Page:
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P. Simmons
P. Simmons, Military Lawyer
Category: Military Law
Satisfied Customers: 33291
Experience:  Retired Marine Corps lawyer and Veterans Services Officer (VSO) with 12+ yrs. of experience.
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I'm in the Marine Reserves and came upon a question you

Customer Question

I'm in the Marine Reserves and came upon a question you answered previously regarding what reservists can be tasked to do between drills. You said that the questioner's "platoon sergeant has no independent authority to task a reservist with duties outside the drill period" but that "In theory, the Battalion Commander could give such a task, but there would need to be a military necessity for such an order. It is not something that can be tasked routinely." Can you point me to a reference for those two assertions? I've been looking all over for a regulation or order that says one way or the other, but can't find one. Thanks!
Submitted: 7 months ago.
Category: Military Law
Expert:  P. Simmons replied 7 months ago.

Hello! My name is ***** ***** I am a licensed attorney with more than 18 years of experience. I am here to assist you with your questions. Please understand that if I ask you for additional information, you are NOT charged again and our communications are NOT timed. So please see this as a relaxed conversation between friends. I am here to help

Also, if you would like to chat on the phone, let me know and I can make that happen.

Marine, I recall that question.

The issue is one of jurisdiction. Under the UCMJ (military law) a Marine on active duty is subject to the UCMJ always (on duty 24/7)

For a reservist?

The rules are different. The UCMJ will apply during periods when a Marine Reservist is "on duty" or "called to duty"

So, for example, say you commit a crime during a drill weekend? Since you are in a duty status you could be prosecuted under the UCMJ.

But say the crime was committed during the week (not during a drill weekend)?

Since not in a duty status? There is no basis to hold the Marine reservist accountable under UCMJ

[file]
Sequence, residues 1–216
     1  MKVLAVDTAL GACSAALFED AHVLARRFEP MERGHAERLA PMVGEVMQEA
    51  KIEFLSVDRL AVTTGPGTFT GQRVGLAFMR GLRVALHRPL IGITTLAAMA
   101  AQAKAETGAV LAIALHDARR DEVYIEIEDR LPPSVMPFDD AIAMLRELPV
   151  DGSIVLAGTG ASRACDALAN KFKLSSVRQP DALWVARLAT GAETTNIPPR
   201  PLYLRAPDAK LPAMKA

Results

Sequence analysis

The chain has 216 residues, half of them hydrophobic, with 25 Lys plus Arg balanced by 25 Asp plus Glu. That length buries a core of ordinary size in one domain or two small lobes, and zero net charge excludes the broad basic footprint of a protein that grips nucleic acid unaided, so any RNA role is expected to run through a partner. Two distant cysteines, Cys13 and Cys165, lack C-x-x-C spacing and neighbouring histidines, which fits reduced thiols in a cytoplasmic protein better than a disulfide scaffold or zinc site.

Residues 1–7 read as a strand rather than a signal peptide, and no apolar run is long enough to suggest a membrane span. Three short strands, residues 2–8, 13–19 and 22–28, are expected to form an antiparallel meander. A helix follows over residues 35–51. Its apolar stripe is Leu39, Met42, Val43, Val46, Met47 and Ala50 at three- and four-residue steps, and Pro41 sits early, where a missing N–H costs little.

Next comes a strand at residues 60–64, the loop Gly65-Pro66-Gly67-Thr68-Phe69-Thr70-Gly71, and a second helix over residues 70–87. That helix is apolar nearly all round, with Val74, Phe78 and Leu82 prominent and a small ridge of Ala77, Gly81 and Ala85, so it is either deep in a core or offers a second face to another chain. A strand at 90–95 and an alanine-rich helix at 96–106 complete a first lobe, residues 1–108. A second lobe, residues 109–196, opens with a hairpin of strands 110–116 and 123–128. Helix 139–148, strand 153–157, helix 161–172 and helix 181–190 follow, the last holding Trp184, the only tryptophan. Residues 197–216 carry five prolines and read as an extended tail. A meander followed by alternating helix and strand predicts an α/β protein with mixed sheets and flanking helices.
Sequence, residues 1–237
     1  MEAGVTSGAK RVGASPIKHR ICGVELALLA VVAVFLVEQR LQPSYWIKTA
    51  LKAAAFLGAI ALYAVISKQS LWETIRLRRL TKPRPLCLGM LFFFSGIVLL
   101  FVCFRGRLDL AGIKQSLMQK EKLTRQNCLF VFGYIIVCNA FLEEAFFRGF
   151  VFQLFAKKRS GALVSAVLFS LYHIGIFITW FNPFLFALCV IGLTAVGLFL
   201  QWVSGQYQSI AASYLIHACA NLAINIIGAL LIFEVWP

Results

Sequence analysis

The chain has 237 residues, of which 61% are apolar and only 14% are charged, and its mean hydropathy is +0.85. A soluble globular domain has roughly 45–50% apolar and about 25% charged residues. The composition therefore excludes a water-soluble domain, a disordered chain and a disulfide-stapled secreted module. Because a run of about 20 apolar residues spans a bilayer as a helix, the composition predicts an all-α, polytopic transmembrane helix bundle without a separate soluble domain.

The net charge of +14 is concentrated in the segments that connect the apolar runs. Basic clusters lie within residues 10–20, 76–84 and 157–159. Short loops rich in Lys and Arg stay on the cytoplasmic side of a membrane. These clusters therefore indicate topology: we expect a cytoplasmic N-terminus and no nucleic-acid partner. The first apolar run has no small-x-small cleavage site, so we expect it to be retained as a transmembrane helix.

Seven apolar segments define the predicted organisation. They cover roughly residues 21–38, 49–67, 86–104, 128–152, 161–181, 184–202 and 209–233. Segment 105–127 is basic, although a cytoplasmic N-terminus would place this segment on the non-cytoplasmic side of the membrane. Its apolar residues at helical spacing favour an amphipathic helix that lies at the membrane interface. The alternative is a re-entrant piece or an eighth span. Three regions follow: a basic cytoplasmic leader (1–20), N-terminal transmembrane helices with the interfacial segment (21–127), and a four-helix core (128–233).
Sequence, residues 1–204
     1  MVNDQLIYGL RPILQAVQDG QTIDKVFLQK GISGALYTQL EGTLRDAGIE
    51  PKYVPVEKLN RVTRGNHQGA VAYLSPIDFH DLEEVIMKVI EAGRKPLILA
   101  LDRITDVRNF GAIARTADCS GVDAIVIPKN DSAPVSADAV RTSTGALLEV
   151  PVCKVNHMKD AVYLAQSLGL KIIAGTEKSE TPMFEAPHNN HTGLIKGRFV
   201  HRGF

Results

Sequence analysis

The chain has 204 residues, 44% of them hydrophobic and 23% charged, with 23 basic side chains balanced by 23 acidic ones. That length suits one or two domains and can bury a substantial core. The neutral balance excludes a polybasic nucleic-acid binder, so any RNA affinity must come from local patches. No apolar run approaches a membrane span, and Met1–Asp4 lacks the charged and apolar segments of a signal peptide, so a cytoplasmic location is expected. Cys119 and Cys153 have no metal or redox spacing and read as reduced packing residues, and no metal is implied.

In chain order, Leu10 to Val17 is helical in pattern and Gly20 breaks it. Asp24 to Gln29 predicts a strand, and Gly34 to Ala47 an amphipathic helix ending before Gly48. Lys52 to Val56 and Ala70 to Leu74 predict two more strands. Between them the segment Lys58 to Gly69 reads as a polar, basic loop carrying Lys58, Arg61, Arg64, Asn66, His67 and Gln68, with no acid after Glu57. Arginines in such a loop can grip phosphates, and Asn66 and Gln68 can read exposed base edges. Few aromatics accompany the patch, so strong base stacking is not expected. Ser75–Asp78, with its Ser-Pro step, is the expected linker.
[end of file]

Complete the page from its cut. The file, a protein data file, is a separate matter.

The authority for this is Art 2, UCMJ and United States v. Morita, 74 M.J. 116 (there is no UCMJ jurisdiction over a reservist who commits an offense when not in a military status – i.e., on active duty, inactive duty training, or serving with the armed forces).

You can read the case here
http://www.armfor.uscourts.gov/newcaaf/opinions/2014SepTerm/145007.pdf

The commander, by nature of their position, has the power to call a member to duty...so in theory they could require the Marine to show up and perform duties...but only pursuant to a lawful order that puts the Marine into a duty status so Art 2 UCMJ will apply

Please let me know if you have more questions. I am happy to help if I can. Otherwise, please rate the answer so I may get credit for my work.

Please let me know if you have more questions. I am happy to help if I can. Otherwise, please rate the answer so I may get credit for my work.

Customer: replied 7 months ago.
Thanks for your quick response, but I'm still a bit confused. My question doesn't really pertain to whether an off-duty reservist can be charged under the UCMJ, but whether it's proper to assign an off-duty reservist with extra work, and if so, how much? That off-duty reservist probably isn't worried so much about getting charged for failure to obey a lawful order, so much as he/she is worried about getting a poor fitness report or getting harassed during the next drill weekend. Is there a regulation or relevant caselaw that reservist can point to in order to demonstrate that such assignments are improper?I guess a parallel might be a platoon sergeant who assigns one of his Marines to wash his car. This would obviously be an improper assignment, and there are regulations in place to protect the subordinate, well beyond ensuring that he won't be court-martialed. Is it the same for the reservist?Ultimately, my goal is to find a clear, unambiguous answer to this question that I can point to, regardless of what that answer is. Hopefully this is all clear, and if not, I'd be happy to discuss it by phone. BTW, I'm also more than willing to increase the fee if you need to spend extra time on this.Thanks!
Expert:  P. Simmons replied 7 months ago.

I sent the offer for a phone call...that would include any additional research needed after we initially speak.

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